Sadly, the economics of our time have seen chocolate being made in other parts of the world, including Terry’s famous Chocolate Orange that is now made abroad.

Without a doubt, the chocolate you find here has a 200 year filling of history and York Chocolate Story hasn’t left anything uneaten when it comes to telling the tale! Whatever the case, you certainly do not need a sweet tooth to enjoy this museum – but it helps!

You can find York’s Chocolate Story at Kings Square in York (near The Shambles).

Opening Times

York Dungeon

York North Yorkshire England Guided Tour

The York Dungeon uncovers the darker side of York’s history within a 75 minute theatrical tour. The tour not only contains a cast of theatrical actors but the experience is enhanced with special effects and scenes that target the senses of sight, hearing and smell.

It includes 10 shows with laughs and screams through cutting edge storytelling. The 10 shows follow the lives of real history where you come face to face with characters such as Guy Fawkes and Dick Turpin.

You can find York Dungeons close to the Grand Opera House on Clifford Street.

Opening Times

York Merchant Adventurer’s Hall

York North Yorkshire England Guided Tour

Merchant Adventurers Hall
Merchant Adventurers Hall

York Merchant Adventurer’s Hall is a medieval Guildhall and was a meeting place for the Guild of Our Lord Jesus and the Blessed Virgin Mary in 1357. It was granted the Company of Merchant Adventurers of York by Elizabeth I. The undercroft once served as a hospital for poor people in the city. It is one of the finest guildhalls in the world.

The lower section of the hall is built mainly with red brick of which are the earliest to be made in York since the Romans departed. When you visit, take a look at the barge boards that contain a grape and vine design. Where these vines meet you will also see a Tudor Rose.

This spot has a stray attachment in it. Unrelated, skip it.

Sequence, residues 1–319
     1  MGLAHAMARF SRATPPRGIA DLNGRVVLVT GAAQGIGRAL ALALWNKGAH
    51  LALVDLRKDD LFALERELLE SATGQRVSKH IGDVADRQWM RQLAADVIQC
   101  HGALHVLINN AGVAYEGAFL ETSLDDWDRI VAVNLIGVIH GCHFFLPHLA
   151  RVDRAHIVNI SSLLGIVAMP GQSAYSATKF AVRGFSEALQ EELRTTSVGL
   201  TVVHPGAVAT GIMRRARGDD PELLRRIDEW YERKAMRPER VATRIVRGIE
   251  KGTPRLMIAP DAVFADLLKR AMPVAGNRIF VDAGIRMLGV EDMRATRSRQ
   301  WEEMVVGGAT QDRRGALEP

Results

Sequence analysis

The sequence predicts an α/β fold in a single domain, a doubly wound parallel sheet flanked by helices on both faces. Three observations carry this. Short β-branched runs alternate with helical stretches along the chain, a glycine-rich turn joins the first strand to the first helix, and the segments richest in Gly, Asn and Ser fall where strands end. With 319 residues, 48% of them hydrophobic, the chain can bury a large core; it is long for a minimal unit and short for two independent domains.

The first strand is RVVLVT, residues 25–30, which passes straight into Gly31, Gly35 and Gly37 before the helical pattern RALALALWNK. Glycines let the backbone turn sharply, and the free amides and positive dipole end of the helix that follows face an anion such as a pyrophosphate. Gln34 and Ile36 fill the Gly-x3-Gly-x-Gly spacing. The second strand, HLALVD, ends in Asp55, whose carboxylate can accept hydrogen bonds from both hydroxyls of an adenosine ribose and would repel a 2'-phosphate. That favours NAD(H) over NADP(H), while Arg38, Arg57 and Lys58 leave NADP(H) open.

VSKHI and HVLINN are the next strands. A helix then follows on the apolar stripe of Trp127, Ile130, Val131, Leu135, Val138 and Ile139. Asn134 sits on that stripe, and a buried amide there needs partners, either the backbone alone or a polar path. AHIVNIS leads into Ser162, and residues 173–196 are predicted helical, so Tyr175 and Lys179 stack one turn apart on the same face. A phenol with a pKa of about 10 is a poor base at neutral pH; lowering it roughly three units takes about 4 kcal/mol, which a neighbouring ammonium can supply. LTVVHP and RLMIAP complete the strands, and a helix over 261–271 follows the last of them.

The art in the hall represents five centuries of York’s history. You will see oils, watercolours, prints and drawings depicting Governors of the company.

The Merchant Adventurers Hall can be found at Fossgate/Piccadilly in York city centre.

Opening times

Yorkshire Museum

York North Yorkshire England Guided Tour

Yorkshire Museum
Yorkshire Museum

The Yorkshire Museum is under the care of York Museum’s Trust along with York Art Gallery, Castle Museum and York St Mary’s. The Yorkshire Museum however contains artefacts pertaining to the area in various exhibitions. The museum was opened in 1830 by the Yorkshire Philosophical Society and interestingly was the first purpose built museums in the country.

After a refurbishment it reopened in 2010 and consists of five galleries including some of Britain’s finest archaeological treasures of many rare animals, birds and fossils. It is also home to the Cawood Sword which was found 

The Yorkshire Museum is situated in the Museum Gardens close to the city library.

Opening Times

Holgate Windmill York

York North Yorkshire England Guided Tour

Holgate Windmill York is situated just outside the city centre at Holgate, a suburb of York. It is York’s last surviving windmill and it is also the oldest 5 saled windmill in the country. Having lied dormant for some years, the windmill has now been restored and opened for visitors.